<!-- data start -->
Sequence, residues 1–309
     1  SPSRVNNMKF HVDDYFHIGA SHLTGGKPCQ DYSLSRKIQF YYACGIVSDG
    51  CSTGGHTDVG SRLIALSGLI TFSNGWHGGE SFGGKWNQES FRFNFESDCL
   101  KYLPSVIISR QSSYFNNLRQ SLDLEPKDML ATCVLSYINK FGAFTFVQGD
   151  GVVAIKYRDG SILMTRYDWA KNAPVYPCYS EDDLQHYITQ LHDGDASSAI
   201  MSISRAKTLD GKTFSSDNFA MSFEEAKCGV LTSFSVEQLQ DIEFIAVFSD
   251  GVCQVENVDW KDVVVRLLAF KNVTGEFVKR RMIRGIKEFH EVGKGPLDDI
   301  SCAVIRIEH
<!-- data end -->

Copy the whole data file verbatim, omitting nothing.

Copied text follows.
Sequence, residues 1–309
     1  SPSRVNNMKF HVDDYFHIGA SHLTGGKPCQ DYSLSRKIQF YYACGIVSDG
    51  CSTGGHTDVG SRLIALSGLI TFSNGWHGGE SFGGKWNQES FRFNFESDCL
   101  KYLPSVIISR QSSYFNNLRQ SLDLEPKDML ATCVLSYINK FGAFTFVQGD
   151  GVVAIKYRDG SILMTRYDWA KNAPVYPCYS EDDLQHYITQ LHDGDASSAI
   201  MSISRAKTLD GKTFSSDNFA MSFEEAKCGV LTSFSVEQLQ DIEFIAVFSD
   251  GVCQVENVDW KDVVVRLLAF KNVTGEFVKR RMIRGIKEFH EVGKGPLDDI
   301  SCAVIRIEH